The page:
Sunday, May 24, 2015

Protecting Yourself From Identity Theft

Identity theft is way more serious than the movies would lead you to believe. Sure, it may seem like something that could never happen to you, or that even if it did, it wouldn't be that serious - but you're wrong. The recovery process for this type of crime can be extremely lengthy and require a lot of effort in order to set things back to the way that they were before the theft occurred. Listed below are some of the most simple and effective steps that you can take in order to protect yourself thoroughly, decreasing the likelihood that you'll become a victim.

- Utilize outside help. Whether you choose an identity monitor or a service that monitors credit, chances are that with constant and comprehensive monitoring of your account, you'll be much more likely to catch thieves when they are present. Rather than requiring you to be everywhere at once, these services do the hard work for you, thanks to the companies that work diligently to create and support them.

- Change your passwords often. While this may seem like a bother, it's actually much less work than trying to recover a bunch of stolen money or sort out the fact that someone else was using your Social Security or identifying information to get a job or buy a home. Password changes take only a few seconds, and they increase the strength of the barrier between your most personal and private information and the thieves that are trying desperately to get ahold of it.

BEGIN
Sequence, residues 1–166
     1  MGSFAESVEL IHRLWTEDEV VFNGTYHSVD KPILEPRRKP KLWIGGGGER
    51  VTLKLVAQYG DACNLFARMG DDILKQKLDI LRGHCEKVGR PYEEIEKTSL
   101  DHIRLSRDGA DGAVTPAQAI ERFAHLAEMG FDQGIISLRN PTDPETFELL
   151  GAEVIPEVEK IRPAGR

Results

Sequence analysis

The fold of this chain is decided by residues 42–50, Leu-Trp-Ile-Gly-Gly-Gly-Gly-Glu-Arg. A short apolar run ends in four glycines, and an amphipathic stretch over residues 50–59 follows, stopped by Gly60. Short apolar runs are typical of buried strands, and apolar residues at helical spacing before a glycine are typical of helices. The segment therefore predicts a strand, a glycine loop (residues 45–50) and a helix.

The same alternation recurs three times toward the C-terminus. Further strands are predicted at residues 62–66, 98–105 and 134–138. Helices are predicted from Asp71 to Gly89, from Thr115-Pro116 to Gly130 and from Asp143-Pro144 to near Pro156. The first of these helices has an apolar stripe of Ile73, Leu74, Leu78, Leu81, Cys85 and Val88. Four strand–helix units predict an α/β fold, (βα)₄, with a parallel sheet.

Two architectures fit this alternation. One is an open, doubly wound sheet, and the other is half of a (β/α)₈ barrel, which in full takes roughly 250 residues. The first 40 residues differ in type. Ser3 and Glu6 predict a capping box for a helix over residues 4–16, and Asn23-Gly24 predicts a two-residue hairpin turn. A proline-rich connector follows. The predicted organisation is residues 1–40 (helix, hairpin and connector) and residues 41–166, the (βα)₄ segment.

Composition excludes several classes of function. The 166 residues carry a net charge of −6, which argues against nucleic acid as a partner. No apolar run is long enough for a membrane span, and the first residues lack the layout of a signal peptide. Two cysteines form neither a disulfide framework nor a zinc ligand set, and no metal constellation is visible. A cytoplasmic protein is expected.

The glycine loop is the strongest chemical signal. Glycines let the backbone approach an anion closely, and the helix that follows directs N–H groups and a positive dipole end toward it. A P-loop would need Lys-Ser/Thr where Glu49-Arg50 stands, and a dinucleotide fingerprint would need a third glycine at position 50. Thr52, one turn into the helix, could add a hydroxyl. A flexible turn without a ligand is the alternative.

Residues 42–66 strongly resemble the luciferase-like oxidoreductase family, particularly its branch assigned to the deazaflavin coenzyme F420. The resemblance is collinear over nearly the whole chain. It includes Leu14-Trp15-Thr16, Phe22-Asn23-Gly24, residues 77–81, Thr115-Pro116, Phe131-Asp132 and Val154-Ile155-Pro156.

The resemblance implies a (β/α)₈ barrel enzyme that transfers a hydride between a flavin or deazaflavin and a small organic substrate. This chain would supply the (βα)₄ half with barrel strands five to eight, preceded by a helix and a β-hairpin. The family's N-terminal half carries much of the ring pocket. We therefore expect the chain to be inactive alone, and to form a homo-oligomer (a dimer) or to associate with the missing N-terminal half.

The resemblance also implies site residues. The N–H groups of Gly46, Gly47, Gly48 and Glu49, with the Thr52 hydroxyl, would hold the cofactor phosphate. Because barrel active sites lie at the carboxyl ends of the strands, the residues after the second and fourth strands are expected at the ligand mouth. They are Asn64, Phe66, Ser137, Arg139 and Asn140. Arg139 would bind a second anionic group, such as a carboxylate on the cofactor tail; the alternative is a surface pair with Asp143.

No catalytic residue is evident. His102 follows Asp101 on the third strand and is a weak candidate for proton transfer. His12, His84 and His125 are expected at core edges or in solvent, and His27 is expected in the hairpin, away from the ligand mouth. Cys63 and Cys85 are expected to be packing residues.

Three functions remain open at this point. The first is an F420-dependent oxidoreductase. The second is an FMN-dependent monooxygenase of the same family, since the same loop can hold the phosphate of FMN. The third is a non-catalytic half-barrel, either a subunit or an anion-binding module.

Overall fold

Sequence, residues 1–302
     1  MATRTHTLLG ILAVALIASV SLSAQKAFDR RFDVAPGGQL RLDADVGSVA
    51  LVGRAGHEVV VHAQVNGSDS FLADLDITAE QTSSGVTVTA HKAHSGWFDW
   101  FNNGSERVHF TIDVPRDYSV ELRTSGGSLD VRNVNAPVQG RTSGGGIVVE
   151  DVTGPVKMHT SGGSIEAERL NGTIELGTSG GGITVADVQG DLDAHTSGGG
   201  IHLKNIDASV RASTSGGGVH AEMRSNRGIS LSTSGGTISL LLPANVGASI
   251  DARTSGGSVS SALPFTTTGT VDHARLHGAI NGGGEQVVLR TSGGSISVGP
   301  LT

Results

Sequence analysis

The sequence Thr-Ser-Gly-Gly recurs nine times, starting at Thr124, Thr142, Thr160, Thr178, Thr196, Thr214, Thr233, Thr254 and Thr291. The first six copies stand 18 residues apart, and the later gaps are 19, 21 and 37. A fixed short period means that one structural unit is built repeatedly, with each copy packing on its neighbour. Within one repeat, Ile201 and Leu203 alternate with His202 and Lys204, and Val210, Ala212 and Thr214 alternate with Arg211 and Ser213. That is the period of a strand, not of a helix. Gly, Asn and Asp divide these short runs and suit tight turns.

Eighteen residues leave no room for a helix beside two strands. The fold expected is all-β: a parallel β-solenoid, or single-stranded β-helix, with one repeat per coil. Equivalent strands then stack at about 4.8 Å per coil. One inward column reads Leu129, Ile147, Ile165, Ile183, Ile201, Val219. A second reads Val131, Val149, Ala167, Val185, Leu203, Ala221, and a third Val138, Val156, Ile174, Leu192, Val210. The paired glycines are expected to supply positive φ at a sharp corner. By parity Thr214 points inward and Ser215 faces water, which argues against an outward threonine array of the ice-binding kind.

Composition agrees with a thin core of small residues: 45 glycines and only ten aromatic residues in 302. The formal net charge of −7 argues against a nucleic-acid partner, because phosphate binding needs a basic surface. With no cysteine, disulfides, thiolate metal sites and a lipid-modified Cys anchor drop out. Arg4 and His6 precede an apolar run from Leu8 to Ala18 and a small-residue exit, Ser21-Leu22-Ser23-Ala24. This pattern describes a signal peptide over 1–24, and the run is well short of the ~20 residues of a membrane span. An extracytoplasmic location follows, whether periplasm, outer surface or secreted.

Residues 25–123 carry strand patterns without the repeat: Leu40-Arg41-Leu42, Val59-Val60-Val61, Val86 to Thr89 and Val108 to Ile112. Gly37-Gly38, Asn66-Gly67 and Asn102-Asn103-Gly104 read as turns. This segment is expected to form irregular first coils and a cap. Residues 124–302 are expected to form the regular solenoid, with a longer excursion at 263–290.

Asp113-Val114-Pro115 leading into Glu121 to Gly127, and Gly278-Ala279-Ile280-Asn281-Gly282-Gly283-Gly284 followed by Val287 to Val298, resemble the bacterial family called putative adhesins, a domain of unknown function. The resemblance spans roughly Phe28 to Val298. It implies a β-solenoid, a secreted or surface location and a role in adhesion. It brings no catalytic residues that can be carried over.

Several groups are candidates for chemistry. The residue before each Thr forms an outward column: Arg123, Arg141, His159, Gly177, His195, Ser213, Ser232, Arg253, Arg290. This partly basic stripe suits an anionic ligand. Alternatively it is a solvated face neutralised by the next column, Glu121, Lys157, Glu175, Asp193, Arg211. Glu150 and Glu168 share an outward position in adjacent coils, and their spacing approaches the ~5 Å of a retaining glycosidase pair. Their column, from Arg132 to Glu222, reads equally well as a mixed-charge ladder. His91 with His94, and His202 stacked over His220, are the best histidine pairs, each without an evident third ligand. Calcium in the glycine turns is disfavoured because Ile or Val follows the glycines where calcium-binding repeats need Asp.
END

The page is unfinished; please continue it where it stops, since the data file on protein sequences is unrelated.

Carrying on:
- Don't be open with personal information. This stretches far beyond speaking in person, it pertains to the things that you broadcast on blogs, social media pages, and even through emails. The fewer people that know intimate details about you and your routine, the better. Having less information available to the public means that it is less likely to be compromised in any manner.

- Keep track of everything. While it's impossible to be everywhere at once, or check on every single account and piece of information on a daily basis, it's good to have a general idea as to where you stand in order to better gauge where things should be at. You may not know the balances of your accounts to the cent, but if you're aware of large transactions and regular changes, you're more likely to see if something looks or feels wrong. Knowing this type of information can help to keep you one or more steps ahead of the thieves.

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